For her fans, this is a huge departure for French, and reactions will be mixed. Mystery readers and procedural fans may be disappointed. As with many procedurals, the crimes in French’s books, while clever, are the incidental vehicle, but the detectives’ engaging personal histories are what draw readers in and tempt them to return.

There is, eventually, a murder in this book, and there are some Dublin detectives taking an active part in its investigation; but the story continues to be told by the victims and, later, the perpetrators. Rather than featuring as the leads, the detectives maintain the persona that they represent to most people in real life: initially friendly and helpful, but also a looming source of panic and dread as their attention falls on you and you wonder, Do they really think I did this?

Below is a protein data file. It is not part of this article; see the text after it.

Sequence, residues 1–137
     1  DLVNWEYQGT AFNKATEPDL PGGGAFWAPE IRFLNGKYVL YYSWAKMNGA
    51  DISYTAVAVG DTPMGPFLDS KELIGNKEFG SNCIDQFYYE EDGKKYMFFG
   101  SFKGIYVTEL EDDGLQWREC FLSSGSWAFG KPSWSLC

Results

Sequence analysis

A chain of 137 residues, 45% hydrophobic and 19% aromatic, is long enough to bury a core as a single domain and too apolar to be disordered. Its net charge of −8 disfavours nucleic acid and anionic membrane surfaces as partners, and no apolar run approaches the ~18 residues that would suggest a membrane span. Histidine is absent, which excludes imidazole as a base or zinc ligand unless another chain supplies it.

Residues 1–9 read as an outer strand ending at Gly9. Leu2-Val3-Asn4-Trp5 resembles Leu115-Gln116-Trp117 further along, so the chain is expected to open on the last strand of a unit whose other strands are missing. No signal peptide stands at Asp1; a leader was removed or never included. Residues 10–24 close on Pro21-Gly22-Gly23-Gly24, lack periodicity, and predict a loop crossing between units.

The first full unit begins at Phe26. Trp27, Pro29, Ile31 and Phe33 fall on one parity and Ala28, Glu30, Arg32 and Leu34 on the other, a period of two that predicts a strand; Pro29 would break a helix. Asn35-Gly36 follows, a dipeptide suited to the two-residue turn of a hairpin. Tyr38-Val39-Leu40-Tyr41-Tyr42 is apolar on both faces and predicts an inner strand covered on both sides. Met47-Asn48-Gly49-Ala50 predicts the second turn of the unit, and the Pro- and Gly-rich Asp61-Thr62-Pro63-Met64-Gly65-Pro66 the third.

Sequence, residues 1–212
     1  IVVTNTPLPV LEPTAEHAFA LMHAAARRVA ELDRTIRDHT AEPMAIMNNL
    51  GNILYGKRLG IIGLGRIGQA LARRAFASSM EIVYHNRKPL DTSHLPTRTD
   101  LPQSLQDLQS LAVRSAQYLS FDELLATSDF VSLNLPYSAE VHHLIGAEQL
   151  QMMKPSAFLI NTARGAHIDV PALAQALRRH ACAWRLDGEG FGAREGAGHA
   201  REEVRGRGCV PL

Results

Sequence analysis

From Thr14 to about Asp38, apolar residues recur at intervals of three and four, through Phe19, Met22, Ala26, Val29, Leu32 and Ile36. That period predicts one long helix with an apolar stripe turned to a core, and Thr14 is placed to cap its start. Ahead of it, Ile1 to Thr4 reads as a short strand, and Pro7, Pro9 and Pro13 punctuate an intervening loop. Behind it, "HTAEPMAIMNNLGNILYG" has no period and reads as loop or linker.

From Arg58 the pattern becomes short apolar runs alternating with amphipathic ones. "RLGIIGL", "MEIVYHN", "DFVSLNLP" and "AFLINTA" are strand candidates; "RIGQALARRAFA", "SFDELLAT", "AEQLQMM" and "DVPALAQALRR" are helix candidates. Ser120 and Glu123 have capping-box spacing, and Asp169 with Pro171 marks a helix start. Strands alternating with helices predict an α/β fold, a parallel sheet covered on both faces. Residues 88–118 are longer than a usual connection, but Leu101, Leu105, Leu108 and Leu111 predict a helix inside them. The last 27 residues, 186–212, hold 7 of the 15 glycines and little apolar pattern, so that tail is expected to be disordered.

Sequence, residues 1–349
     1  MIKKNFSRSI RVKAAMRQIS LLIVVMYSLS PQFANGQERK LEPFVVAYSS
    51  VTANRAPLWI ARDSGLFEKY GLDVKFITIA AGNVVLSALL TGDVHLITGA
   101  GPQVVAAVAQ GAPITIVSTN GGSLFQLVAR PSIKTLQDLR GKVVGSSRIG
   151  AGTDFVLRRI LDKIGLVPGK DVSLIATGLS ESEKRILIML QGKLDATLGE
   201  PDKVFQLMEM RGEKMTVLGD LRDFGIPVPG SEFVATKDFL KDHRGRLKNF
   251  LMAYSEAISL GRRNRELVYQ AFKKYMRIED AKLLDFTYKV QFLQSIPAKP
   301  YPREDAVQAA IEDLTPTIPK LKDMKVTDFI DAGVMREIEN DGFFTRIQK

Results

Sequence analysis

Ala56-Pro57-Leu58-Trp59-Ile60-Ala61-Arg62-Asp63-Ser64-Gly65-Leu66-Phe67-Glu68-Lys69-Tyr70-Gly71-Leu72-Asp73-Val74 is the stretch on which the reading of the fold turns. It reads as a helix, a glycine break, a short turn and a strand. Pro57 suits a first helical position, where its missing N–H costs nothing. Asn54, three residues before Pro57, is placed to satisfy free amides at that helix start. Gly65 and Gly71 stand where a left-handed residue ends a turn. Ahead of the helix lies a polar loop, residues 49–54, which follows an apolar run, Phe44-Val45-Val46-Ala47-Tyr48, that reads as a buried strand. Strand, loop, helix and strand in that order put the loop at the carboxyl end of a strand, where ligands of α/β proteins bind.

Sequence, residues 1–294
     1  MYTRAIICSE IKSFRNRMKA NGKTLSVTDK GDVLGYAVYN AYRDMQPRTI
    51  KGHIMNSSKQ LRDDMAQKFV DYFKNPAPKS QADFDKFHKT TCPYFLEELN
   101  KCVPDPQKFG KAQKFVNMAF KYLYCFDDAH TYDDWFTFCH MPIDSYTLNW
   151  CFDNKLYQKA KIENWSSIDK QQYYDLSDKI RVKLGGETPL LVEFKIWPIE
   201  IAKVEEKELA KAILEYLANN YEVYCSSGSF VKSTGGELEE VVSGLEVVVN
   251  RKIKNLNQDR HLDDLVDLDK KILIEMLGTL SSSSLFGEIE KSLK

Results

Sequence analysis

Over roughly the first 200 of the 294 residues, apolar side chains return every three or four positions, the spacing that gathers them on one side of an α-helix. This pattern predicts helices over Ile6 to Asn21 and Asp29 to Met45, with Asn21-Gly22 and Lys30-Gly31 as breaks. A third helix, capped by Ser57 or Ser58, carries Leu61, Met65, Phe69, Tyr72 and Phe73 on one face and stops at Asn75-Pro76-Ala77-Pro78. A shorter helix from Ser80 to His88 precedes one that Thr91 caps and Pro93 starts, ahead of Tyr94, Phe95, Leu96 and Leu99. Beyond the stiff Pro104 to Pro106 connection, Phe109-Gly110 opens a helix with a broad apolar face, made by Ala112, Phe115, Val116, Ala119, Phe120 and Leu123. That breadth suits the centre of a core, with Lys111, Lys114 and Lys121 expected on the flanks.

The book is a slow and intricate read, and takes almost 100 pages to build up to the discovery of the murder. Although some may believe that French’s editors were simply too afraid at this point to curtail the prose of such a successful writer, I don’t believe that’s the case here. Yes, I was initially somewhat frustrated to sit through the transformation of Toby from a basically happy-go-lucky guy to a man who didn’t know how or when he would ever recover from what’s been done to him. He’s pathetic, but he’s not the most sympathetic of characters, and my impatience grew with the narrative. But when the story transitions to the search for a murderer among Toby’s family, and so many questions are raised, you begin to realize that this book isn’t a whodunnit, it’s a psychological character study that, because of the unreliable nature of the characters, ramps up the tension exponentially with every page. In hindsight you see that all (okay, most) of that angst and drama you sat through with Toby was in service of everything that comes after, and you grow to appreciate your insider’s view as things continue to swing out of control. Although I had to make a little effort to get through the first part of this novel, I whipped through the last 30 percent of it between midnight and 3:00 a.m., and I don’t regret staying up one bit.